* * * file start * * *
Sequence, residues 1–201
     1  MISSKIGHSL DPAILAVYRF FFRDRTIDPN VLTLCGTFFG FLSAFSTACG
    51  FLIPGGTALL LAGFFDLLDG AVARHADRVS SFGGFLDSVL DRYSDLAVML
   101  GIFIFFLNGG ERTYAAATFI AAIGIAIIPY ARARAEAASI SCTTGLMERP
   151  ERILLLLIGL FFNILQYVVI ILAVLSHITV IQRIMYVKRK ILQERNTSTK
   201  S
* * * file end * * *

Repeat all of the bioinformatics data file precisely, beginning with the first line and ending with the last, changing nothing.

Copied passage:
Sequence, residues 1–201
     1  MISSKIGHSL DPAILAVYRF FFRDRTIDPN VLTLCGTFFG FLSAFSTACG
    51  FLIPGGTALL LAGFFDLLDG AVARHADRVS SFGGFLDSVL DRYSDLAVML
   101  GIFIFFLNGG ERTYAAATFI AAIGIAIIPY ARARAEAASI SCTTGLMERP
   151  ERILLLLIGL FFNILQYVVI ILAVLSHITV IQRIMYVKRK ILQERNTSTK
   201  S